Using the RE-EV style for a Cadillac is good I suppose. The last one didn’t go over so well though, guess time will tell.

I agree that at least on the outside it looks like it belongs to the 20th century, not the 21st. Here in Europe they would hardly sell any. Then in China maybe they have a taste for old fashioned boxy style land barges.

They do, because the Chinese taipans that can afford these cars have drivers and only ride in the back. They are enamoured with large long wheelbase sedans that have plenty of room in the rear seat and overtly display their wealth.

The ordinary people aren’t driving these cars. But the reason the Chinese luxury car market is important is because a small fraction of 1.2 billion is still a big number of high margin cars.

Draighven: “Perhaps the reason Cadillac is floundering recently”
——–
Cadillac sold more cars in the US last year than it ever has. Maybe you are speaking for Europe?

Also regarding the styling, do you have any examples of common European cars that aren’t bland?

I was under the impression Cadillac wasn’t doing so well, hence the reason for their restructuring and re-directing with new management. The same new management that axed the ELR, perhaps I am misinformed? I fully admit I don’t follow Cadillac very closely.

Cadillac sales flattened out in 2014 and fell behind all other luxury brands in sales in the USA. http://www.cnbc.com/id/ 2015 year-over-year sales were down 5.7% in March with Audi projected to pass Cadillac in the USA by mid-year. GM’s challenge is to leave the “second-tier” luxury brands ( Infinity and Acura ) behind and go after the Germans who have a lock on the market of late ( BMW, Mercedes and Audi ). Lexus is also considered top-tier and soundly defeats Cadillac in sales here. This may change with a solid influx of new models in the next two years, and the ditching of deadwood like ELR. To me, they could also benefit by ditching their current import President, de Nysschen and departing from their Art & Science design language. To me – it’s stale and needs a solid update. I understand CT6 is not the place to begin a design retool, as it’s potential customer base is conservative and businesslike. The move towards electrification could be Cadillac’s salvation, if they can leverage Voltec tech and quickly integrate it into all of their products A.S.A.P.. Next move? A skateboard platform configurable for all models to have a PHEV and EV… Read more »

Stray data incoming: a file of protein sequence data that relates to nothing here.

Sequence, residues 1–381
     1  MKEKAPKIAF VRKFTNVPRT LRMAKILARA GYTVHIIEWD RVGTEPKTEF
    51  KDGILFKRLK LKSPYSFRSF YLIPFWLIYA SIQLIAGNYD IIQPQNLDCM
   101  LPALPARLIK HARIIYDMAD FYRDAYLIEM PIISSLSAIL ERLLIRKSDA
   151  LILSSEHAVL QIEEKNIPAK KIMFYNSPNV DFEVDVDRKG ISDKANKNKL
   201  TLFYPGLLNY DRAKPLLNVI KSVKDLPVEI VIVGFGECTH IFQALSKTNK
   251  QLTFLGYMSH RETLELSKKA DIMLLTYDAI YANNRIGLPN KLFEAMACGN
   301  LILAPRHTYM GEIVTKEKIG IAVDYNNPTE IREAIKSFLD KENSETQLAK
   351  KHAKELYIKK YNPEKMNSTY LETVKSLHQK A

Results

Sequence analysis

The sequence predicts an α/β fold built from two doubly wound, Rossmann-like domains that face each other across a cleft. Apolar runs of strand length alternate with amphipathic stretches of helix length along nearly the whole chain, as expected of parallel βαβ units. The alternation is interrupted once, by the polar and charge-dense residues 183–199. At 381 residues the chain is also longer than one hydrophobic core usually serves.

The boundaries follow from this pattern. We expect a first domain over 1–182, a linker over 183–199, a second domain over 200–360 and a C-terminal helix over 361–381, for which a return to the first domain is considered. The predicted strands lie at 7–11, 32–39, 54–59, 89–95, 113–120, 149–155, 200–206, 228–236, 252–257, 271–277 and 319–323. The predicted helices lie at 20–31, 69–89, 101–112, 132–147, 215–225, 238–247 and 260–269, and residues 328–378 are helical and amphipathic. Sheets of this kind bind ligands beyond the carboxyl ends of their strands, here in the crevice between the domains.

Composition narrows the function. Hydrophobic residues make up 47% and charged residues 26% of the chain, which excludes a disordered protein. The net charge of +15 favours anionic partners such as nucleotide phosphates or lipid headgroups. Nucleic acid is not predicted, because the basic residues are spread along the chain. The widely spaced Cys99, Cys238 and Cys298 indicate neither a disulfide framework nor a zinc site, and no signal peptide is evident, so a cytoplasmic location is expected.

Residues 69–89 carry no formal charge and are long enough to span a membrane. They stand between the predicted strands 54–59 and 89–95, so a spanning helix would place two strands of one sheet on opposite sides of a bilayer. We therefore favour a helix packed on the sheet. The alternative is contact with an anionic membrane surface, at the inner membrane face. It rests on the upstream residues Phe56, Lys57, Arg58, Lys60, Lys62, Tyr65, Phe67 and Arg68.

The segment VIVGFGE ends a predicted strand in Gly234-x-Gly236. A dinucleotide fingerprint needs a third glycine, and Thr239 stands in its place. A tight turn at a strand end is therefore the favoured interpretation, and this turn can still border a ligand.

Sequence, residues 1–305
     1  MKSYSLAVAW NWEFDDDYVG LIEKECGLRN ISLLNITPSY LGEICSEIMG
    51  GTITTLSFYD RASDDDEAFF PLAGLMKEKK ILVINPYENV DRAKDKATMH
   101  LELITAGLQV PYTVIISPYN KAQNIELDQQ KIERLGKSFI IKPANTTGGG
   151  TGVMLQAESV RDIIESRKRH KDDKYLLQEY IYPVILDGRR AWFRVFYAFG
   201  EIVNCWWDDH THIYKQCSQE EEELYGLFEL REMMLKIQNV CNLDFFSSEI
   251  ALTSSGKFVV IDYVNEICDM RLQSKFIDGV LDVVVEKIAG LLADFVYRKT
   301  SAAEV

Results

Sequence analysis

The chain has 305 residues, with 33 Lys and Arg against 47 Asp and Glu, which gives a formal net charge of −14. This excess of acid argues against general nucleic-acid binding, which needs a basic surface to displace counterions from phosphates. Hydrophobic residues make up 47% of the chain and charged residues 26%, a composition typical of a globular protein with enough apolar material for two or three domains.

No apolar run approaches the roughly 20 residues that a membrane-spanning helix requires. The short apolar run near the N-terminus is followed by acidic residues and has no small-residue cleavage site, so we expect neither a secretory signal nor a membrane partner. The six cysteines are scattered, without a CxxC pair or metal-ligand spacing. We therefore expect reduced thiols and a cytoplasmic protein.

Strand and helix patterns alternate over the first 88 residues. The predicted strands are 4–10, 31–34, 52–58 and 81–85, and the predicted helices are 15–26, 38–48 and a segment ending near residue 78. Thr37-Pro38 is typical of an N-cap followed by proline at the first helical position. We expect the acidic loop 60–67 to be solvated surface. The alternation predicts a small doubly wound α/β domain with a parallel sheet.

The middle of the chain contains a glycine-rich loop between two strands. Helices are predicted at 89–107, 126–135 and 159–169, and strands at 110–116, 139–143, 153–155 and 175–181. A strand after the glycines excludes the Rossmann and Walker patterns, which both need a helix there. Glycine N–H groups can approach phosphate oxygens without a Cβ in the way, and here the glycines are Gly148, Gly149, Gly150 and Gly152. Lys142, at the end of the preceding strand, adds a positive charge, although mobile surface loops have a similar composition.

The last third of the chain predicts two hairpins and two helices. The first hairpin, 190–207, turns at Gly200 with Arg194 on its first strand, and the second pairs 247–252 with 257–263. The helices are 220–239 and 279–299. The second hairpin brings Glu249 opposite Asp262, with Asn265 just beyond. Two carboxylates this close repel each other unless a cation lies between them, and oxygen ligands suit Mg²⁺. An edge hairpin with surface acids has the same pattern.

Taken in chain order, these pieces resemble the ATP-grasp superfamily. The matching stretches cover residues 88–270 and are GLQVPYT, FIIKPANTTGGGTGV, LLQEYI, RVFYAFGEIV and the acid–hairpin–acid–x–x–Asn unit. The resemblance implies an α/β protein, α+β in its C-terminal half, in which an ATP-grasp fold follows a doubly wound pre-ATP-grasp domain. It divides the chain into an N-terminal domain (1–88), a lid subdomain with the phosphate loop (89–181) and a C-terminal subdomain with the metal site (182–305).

Here’s the yearly data

US Cadillac sales
2009 – 4724
2010 – 7398
2011 – 7577
2012 – 6644
2013 – 9608
2014 – 10,538

2015 is a bit slower than the banner year of 2014, but nothing to shake a stick at.

Monthly data 2014 vs 2015
Jan – 11,386 vs 11,680
Feb – 13,437 vs 11,739
Mar – 14,765 vs 13,756

Saying that Cadillac should ditch their “import President” sounds kind of xenophobic. Does it really matter that de Nysschen was born in South Africa and not in the USA? Cadillac is, after all, a global brand and part of a global automaker. Tesla’s “import” CEO, also born in South Africa, seems to be doing a great job at that American auto company. 😉

The car’s body design is not my taste either. I’m not Chinese though. 🙂

I’m wondering what percentage of CT6 sold in the US will be PHEV. Pretty low I’m guessing. If I could afford one, I could probably afford the gasoline as well.

Saving money not buying gas is nice, but I like my plug-in for a lot of other reasons before that one.

I’m glad its a plug-in and the Voltec drivetrain is awesome, however it is also another example of how the GM invented skateboard design used by Tesla is light years ahead of the center tunnel architecture used here.

Skateboard architecture with batteries in floor allows for much more efficient use of interior space a much lower center of gravity for handling.

I still think the BMW I3 approach of a flat floor with a relatively small ICE range extender in the back is a far superior design provided you use an ICE that is powerful enough and with a bigger gas tank and a hold mode.

a skateboard might work well for a BEV, but i’m not so sure how well it works in a PHEV where you have to design around an ICE and a gas tank.

Ditto on the Tesla’s and I3’s flat floor!!!

Well, its got a really nice big hump running the through the middle of the car anyway. That setup really moves the center of gravity up just a bit to.

Clean sheet design I guess???

There is no excuse not to be putting the battery under the floor where it belongs.

I’m guessing the marketing requirement was “front engine, rear drive”, which necessitated a drive shaft, hence the tunnel.

And I’m guessing the China marketing requirement was “huge back seat” which put the battery in the back.

Anybody want to debate the packaging advantages of cylindrical cells versus prismatic pouch? Not a whole lotta trunk left in this large sedan and driving dynamics reduced with the higher center of gravity. Not sure 500lbs of battery in line with the passengers is a great idea either. What happens with the momentum of the battery when a high energy frontal impact occurs?

Probably will find out w/the crash testing.

The batteries look tied in to that substantial bulkhead

that’s a good point. since you mention it, what happens in a rear collision? at least in a front collision, you can design the bulkhead to steer the engine under the passenger compartment, but i don’t see how you would do that with the battery compartment.

You don’t know GM vehicles. I do! My 1995 Buick Regal (with the gas tank under the rear seat) was hit by a Ford Econoline van at over 40 MPH. The bumper and trunk was pushed in, and the Regal itself was pushed foward over six feet. I drove home after the accident. The Ford van has to be towed for scrap since its engine was crushed into the passenger area.

That how strong GM makes their sedans! The passengers of that CT6 will survive more than what my Regal suffered.

Any count on the total EVs/PHEVs displayed?

Why has there not been a single picture of the charge port? Where is it?